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101st Attack: The Investigation

Aired March 24, 2003 - 00:52   ET


AARON BROWN, CNN ANCHOR: Camp Pennsylvania in the northern part of Iraq where an American soldier is now in custody for it is alleged, he hasn't been convicted, it is alleged, I guess you would call it this war's version of a fragging incident. We haven't looked at that but we should and so we will.

AARON BROWN, CNN ANCHOR (voice-over): The soldier detained on suspicion of throwing grenades into a command tent of the 101st Airborne last night in Northern Kuwait today has a name, Sergeant Asan Akbar, stationed at the Airborne's home base, Fort Campbell, Kentucky.

GEORGE HEALTH, 101ST COMMAND CENTER SPOKESMAN: He was having what some people might call seems an attitude problems.

BROWN: Roughly 24 hours after the attack, things are at least somewhat more clear. The suspect, military officials say, threw three grenades and fired two shots into the command tent. The loan fatality so far, according to the military, was Captain Christopher Scott Seifert. Among the dozen or so hurt, was commander of the unit's first brigade, Colonel Ben Hodges, who received some minor injuries. An embedded reporter at the camp said a grenade rolled next to Colonel Hodges but did not explode.

HEALTH: When somebody's firing at you, you know who the enemy is. And when they're standing in the same mess chow line or using the same shower with you that sometimes it's hard to recognize. So it's been a -- it's had a detrimental effect, probably, on the morale. But the soldiers went over pumped up, ready to do their mission, knowing what they were supposed to do and they'll work their way through this and they'll continue to do their mission in the fashion that 101st soldiers have always done their mission.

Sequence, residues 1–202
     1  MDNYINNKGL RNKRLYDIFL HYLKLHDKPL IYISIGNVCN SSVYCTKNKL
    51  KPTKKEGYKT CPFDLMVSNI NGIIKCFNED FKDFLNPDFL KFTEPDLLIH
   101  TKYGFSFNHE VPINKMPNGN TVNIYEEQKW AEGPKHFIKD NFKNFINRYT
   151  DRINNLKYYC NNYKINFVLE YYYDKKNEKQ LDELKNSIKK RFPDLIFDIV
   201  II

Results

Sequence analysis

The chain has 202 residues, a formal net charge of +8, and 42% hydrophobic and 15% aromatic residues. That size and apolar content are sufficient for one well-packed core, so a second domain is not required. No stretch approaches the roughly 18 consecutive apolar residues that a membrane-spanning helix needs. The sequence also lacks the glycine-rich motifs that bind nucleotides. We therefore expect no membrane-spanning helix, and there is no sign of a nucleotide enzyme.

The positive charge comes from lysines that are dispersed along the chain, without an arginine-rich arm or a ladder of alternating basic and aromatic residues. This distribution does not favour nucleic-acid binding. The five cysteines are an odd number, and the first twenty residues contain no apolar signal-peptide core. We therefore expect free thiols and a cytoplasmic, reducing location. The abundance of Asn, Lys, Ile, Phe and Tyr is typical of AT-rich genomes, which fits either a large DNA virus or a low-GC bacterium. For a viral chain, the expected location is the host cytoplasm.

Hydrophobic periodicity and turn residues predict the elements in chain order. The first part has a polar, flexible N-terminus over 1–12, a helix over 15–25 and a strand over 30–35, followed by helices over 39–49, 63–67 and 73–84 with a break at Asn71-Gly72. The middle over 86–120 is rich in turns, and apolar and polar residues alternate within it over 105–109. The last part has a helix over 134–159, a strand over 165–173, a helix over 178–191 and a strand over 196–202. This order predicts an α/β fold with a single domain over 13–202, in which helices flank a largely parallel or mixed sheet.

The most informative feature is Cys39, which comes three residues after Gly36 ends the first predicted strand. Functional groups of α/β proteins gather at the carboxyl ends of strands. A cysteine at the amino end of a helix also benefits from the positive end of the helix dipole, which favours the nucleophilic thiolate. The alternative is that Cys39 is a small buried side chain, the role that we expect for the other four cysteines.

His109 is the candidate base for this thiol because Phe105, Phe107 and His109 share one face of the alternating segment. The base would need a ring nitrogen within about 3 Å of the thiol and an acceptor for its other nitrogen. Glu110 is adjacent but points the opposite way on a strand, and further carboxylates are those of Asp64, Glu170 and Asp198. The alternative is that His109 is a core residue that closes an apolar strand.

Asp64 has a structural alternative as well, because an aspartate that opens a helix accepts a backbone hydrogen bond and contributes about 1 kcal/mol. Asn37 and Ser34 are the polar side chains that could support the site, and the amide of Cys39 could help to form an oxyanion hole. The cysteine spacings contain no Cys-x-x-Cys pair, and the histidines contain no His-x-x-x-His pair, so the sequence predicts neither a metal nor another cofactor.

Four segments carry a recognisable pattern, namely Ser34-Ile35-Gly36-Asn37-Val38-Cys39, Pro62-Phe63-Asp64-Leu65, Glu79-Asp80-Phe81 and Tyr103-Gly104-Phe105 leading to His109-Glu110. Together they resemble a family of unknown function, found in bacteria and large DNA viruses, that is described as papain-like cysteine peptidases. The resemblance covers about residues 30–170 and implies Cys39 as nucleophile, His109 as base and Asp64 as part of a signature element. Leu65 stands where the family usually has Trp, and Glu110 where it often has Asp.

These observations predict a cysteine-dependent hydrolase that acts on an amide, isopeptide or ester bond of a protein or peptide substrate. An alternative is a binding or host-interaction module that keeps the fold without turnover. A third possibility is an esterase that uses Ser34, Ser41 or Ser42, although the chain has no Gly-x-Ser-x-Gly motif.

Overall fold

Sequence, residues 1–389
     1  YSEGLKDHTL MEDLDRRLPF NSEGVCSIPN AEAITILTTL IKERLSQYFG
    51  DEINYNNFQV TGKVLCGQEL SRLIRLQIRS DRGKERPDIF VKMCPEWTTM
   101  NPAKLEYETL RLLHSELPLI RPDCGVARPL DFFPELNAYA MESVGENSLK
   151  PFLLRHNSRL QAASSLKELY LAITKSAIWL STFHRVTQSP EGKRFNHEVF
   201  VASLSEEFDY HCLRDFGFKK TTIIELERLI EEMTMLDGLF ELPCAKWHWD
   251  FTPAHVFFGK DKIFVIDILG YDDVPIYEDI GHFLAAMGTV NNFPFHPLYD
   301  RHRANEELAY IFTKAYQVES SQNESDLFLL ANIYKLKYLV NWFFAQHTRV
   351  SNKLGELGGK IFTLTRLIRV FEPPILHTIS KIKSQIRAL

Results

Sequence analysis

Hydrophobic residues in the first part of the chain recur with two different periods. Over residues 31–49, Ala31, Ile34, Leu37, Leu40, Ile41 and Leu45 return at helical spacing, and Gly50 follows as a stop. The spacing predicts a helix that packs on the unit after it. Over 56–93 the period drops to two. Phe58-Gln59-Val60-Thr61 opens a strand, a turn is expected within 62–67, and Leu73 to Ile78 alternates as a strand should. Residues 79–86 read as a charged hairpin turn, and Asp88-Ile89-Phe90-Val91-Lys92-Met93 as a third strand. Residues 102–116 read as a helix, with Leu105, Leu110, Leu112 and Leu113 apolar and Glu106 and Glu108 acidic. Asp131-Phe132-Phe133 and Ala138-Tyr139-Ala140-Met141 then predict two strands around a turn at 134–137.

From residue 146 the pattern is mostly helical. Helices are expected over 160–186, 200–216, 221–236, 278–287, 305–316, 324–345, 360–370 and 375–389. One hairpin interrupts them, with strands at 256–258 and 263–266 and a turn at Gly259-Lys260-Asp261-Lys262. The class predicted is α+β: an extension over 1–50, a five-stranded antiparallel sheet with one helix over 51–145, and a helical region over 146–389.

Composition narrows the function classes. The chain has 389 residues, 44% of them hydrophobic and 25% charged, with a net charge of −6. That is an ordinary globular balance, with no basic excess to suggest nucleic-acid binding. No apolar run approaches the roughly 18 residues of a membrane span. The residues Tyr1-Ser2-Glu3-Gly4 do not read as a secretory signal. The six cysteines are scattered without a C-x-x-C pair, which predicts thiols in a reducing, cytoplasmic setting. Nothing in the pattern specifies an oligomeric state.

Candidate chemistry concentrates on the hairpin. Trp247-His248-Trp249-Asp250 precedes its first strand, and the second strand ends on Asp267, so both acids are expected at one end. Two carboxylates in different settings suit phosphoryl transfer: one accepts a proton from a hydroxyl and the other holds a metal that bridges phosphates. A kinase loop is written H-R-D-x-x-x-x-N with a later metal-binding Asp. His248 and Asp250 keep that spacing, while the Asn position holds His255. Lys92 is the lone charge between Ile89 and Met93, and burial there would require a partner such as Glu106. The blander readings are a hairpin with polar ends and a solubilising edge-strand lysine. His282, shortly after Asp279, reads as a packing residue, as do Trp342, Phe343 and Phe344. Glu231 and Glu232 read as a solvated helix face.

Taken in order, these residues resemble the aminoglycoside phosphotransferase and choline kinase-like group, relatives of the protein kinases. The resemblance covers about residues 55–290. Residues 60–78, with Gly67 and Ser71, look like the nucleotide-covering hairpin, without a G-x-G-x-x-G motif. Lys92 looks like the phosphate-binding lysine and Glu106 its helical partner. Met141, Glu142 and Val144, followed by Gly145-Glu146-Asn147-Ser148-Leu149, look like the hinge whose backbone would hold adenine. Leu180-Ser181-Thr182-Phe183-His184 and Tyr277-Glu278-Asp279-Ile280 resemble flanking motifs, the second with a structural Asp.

BROWN: It is still unclear precisely what happened last night, but military sources say Sergeant Akbar, who was born Mark Cools (ph), was in an engineering unit and last night had been assigned to guard an ammunition depot where grenades were stored. At this hour, Sergeant Akbar, according to the military again, continues to be questioned by the Army's Criminal Investigation Division.


BROWN: General Clark, when you look at that last shot of that young man sitting there in the desert, break your heart, make you angry, both? GENERAL WESLEY CLARK (RET.), FORMER NATO SUPREME COMMANDER: Both. I mean, first of all, I mean, yes, I mean everybody's angry about how he could do this. How could -- how could he attack the leadership of the brigade? It wasn't even personal. He wasn't even part of that brigade. He didn't know those people. He just -- we can't imagine what the motivation would be. And I look at him, it's a man who's ruined his life, ruined other lives.

BROWN: And you can't imagine, I can't, I mean I've been out there, that you could get away with it.

CLARK: Can't get away with it.

BROWN: Can't get away with it.

CLARK: Absolutely not.

BROWN: You're either going to get killed or you're going to get caught. Those are the -- realistically, those are the two options.

CLARK: Yes, I know. I -- it's impossible to understand from here what could possibly have -- what could he have been thinking? What is the matter with this young man? And they're going to find out, and -- but this is a -- this is a violation of Uniform Code of Military Justice. It's an attack on senior officers, it's murder, at least that's the -- what it would seem to be. It's a very -- it's a very serious crime.